AM: Nowadays it’s less about the DJ…
Once upon a time we used to be hired to do what we do but now we’re hired to do what the club wants us to do…
AM: So you make people dance as a DJ but you also dance professionally too. What is Urban Tap?
It’s hybrid dance, for me that totally works for me as a DJ, cause I play totally everything. We’re made up of musicians and dancers from many different fields, we have Haitian drummers, jazz trumpeters, Moroccan flutists, hip-hop dancers, capoeiristas, Cuban dancers, tap dancers, and it’s all based on improv. We flow with each other—nothing is choreographed, nothing is written. The drummer starts in and maybe the sax player comes in, then the tap dancer will start. It’s kind of how I see the world and wish the world would be.
AM: Have your parents seen you perform?
My father died when I was 13. My mom lives in Florida. She never comes to New York. [For a long time] she didn’t really know what I did. My dance company had a show down there last year, and she came to see it and was so blown away. Then she got who I was, like ‘Oh my god, you’re really good at what you do.’ I was like, ‘Thank you, Mom.’ She can see that I’m really happy with what I do. The crazy thing is that I don’t know what else to do. That’s the bottom line. This world is made of all different people. This is who I am.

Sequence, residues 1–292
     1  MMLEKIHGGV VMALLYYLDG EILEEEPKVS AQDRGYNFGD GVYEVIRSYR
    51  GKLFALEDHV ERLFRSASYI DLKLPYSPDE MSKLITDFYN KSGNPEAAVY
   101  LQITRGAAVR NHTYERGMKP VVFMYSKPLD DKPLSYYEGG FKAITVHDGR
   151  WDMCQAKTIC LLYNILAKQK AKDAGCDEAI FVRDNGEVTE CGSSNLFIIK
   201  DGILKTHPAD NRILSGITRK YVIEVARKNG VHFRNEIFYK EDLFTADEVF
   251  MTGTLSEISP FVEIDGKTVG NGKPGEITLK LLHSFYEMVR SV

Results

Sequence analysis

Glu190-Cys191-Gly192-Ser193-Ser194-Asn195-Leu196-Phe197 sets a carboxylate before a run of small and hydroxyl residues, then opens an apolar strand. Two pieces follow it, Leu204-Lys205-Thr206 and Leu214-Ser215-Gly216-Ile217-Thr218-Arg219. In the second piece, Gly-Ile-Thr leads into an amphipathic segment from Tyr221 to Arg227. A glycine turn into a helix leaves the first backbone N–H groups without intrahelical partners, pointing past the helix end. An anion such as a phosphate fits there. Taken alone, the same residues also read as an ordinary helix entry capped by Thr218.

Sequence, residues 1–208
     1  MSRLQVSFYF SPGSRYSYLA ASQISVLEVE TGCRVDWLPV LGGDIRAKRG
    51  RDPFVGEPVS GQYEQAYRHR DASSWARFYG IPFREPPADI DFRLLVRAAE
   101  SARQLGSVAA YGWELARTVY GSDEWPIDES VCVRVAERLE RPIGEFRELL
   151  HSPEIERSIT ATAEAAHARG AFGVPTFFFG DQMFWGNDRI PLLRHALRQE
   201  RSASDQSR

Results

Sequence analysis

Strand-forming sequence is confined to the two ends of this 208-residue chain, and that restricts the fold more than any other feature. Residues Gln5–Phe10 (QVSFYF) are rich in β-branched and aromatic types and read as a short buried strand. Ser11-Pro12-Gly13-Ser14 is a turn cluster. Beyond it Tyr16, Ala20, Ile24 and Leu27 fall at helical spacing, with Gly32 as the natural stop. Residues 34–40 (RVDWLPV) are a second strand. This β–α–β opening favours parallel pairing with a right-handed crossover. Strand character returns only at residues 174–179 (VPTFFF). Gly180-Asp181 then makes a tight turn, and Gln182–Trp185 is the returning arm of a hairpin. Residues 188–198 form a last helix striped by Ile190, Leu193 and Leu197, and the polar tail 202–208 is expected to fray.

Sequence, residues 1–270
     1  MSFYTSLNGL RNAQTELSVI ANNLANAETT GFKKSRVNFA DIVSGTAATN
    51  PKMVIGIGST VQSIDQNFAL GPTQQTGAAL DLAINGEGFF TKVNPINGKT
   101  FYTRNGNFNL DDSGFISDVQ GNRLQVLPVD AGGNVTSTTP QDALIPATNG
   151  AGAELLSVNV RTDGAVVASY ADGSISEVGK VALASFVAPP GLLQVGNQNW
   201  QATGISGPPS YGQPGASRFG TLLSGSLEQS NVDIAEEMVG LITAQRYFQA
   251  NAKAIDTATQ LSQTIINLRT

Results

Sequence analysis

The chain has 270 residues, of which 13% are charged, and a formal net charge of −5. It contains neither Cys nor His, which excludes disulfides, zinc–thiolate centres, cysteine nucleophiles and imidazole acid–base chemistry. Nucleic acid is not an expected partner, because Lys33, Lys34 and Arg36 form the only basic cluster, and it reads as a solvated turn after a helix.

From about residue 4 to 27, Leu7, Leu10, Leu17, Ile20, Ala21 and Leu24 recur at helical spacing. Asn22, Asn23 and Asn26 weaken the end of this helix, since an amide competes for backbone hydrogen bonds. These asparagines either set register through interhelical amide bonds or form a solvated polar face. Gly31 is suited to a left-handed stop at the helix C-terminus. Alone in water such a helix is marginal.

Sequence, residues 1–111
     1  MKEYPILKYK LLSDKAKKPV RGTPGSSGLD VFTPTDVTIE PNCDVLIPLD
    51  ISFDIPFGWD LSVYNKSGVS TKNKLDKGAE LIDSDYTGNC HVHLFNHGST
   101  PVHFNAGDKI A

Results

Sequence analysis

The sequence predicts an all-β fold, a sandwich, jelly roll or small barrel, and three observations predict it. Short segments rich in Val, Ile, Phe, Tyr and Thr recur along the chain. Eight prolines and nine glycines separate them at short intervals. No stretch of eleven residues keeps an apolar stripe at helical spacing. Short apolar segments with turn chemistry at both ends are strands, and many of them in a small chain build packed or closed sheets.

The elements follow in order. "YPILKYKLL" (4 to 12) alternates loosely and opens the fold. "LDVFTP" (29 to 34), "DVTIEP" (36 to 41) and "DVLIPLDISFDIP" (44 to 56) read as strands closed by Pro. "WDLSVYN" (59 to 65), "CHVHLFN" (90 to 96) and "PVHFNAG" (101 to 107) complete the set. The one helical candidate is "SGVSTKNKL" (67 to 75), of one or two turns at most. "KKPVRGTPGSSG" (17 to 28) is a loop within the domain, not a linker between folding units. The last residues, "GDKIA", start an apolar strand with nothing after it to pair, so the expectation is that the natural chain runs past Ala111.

AM: Is that a lesson you teach your eight-year-old daughter, Willow?
My thing is that I want her to be happy. She is an artist, she paints, draws, writes poetry and stories. She sees what its like to live as an artist. She sees it’s not roses and sometimes times are hard, but she also sees that it’s liberating.
AM: It’s important to show her different options…
Definitely. Also what I want my daughter to realize that there’s not just one way to live. I’m almost of the thinking that the more I have, the less free I am…if I have this and that then I’m confined to being in one place and being with those things. Whereas the less I have, the more I’m able to be, to see, to live. That’s my philosophy.
Brett Johnson is a Brooklyn-based writer who regularly contributes to the Associated Press, Essence, and GIANT magazine.>